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‘34 good years’: Knotts retires from Farm Service Agency

Jeff Knotts, Pike/Bullock Farm Service Agency County executive director, retired on January 3, with 34 years of service.

Actually, 34 years and seven months but who’s counting,” Knotts said, with a smile.

“It has been a good 34 years and I have enjoyed working with farmers all across the state,” he said. “Working for the farmers and for the United States Department of Agriculture has been the perfect job for me.”

Alabama State Executive Director David McCurdy said Knotts was always dedicated to his farmers.

“Jeff worked with his farmers in the fields and helped them in any way that he could,” McCurdy said. “And, that included the administration of the Farm Bill to the farmers of Pike County.”

McCurdy said he worked with Knotts for 30 years and he was dedicated to his work in and out of the field and was always available to assist the farmers.

“Jeff did an outstanding job for the FSA and Alabama farmers for all those year,” he said. “He will be missed and we wish him all the best.”

It was the encouragement of Knotts’ mother and an icy cold night on an oilrig out in the Gulf of Mexico that pointed Knotts in the direction of the FSA.

“My mother worried about me out on the oil rig but, it was a good job,” Knotts said. “We got to fish and pull sharks up in the crane. But, when the temperature dropped to below freezing and the wind chill was -10 degrees, I decided that job was not for me.”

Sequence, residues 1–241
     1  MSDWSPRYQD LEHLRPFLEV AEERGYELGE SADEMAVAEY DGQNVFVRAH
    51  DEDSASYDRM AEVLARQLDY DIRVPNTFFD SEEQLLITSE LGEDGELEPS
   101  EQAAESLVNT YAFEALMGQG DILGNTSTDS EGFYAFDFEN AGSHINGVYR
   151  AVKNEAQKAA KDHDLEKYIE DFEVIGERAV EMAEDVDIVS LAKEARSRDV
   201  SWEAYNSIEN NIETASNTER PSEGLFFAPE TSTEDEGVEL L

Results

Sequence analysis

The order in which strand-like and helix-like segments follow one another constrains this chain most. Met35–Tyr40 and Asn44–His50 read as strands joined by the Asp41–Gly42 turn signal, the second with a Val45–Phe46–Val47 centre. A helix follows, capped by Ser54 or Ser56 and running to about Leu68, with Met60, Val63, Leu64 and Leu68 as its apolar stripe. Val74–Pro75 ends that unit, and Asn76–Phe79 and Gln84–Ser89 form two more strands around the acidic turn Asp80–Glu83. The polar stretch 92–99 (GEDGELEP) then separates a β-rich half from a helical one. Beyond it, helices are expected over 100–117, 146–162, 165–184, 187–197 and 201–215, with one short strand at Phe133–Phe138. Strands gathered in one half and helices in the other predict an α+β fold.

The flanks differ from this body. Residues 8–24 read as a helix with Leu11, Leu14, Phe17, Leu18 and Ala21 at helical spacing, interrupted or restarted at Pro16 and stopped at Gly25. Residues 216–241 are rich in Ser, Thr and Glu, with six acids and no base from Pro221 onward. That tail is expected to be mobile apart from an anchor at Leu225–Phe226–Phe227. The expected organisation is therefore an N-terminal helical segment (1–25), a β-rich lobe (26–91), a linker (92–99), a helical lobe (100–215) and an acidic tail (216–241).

Knotts’ uncle, Boyd Drinkard, alerted him to a part-time job with the FSA as a field worker in Dale County. He applied and got the job, which he worked he greater part of 1983. He then did field work in Barbour County from 1983 until 1986.

“I went back to Dale County so I could attend Troy University classes after work,” he said.

The class work paid off and Knotts was selected as one of 60 FSA employees to work at the National Headquarters in Washington D.C.

“I worked in the livestock division and I could sit at my desk and look out the window and see the Washington Monument,” Knotts said. “That was something for a country boy that had never even been to Washington before.”

After two years in the nation’s capital and, with all the family and friends’ tours directed, Knotts decided it was time to go back to the home field advantage.

“Home, family, friends,” Knotts said. “I missed that.”

He did compliance work at the FSA State Office in Montgomery from 1989 until 2002, when he became the executive director of the Pike/Bullock Farm Service Agency in Troy.

“Troy is home,” Knotts said. “Even while I was working in Montgomery, we were living in Troy and the children were in school here. It was good to be working in Troy because I could attend the children’s school functions and just be around home more.”

As for his work, Knotts said he enjoyed working with farmers that he knew personally and being a part of the local farming community.

“I enjoyed working with the state, too, and made many friends and developed contacts statewide but it was good to be working at home,” he said. “Working with the FSA was a good decision and I enjoyed my work and the people. I was the perfect job for me.”

The freezing temperatures and icy conditions last week validated Knotts’ decision to look toward the green grass of home.

When the weather is warm enough and the grass is high enough, he will spend many happy hours mowing that green grass.

“I enjoy mowing and anything else that I can do outside,” he said. “I’ve got pine trees and some land that needs seeing about. I’m not in a hurry to find anything to keep me busy.”

Knotts is new to retirement but he is certain that he won’t get bored. He knows how to get busy and stay busy and to, at least, look busy. And, he doesn’t mind doing nothing.